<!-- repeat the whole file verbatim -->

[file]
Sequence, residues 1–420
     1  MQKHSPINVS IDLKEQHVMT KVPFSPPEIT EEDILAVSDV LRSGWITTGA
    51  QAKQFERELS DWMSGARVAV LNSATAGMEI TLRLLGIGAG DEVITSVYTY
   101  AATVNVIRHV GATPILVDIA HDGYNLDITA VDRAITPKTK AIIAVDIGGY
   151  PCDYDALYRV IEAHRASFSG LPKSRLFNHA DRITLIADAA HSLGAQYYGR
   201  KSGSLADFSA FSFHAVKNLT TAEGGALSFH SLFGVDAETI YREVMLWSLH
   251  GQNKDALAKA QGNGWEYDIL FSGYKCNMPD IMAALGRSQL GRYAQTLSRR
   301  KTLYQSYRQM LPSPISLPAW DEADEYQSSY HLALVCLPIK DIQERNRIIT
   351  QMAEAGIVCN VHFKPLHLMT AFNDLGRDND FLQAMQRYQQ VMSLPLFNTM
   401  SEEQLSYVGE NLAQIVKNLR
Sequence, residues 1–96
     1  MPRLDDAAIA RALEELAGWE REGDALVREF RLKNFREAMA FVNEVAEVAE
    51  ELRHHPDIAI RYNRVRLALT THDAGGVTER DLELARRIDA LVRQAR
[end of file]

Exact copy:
Sequence, residues 1–420
     1  MQKHSPINVS IDLKEQHVMT KVPFSPPEIT EEDILAVSDV LRSGWITTGA
    51  QAKQFERELS DWMSGARVAV LNSATAGMEI TLRLLGIGAG DEVITSVYTY
   101  AATVNVIRHV GATPILVDIA HDGYNLDITA VDRAITPKTK AIIAVDIGGY
   151  PCDYDALYRV IEAHRASFSG LPKSRLFNHA DRITLIADAA HSLGAQYYGR
   201  KSGSLADFSA FSFHAVKNLT TAEGGALSFH SLFGVDAETI YREVMLWSLH
   251  GQNKDALAKA QGNGWEYDIL FSGYKCNMPD IMAALGRSQL GRYAQTLSRR
   301  KTLYQSYRQM LPSPISLPAW DEADEYQSSY HLALVCLPIK DIQERNRIIT
   351  QMAEAGIVCN VHFKPLHLMT AFNDLGRDND FLQAMQRYQQ VMSLPLFNTM
   401  SEEQLSYVGE NLAQIVKNLR
Sequence, residues 1–96
     1  MPRLDDAAIA RALEELAGWE REGDALVREF RLKNFREAMA FVNEVAEVAE
    51  ELRHHPDIAI RYNRVRLALT THDAGGVTER DLELARRIDA LVRQAR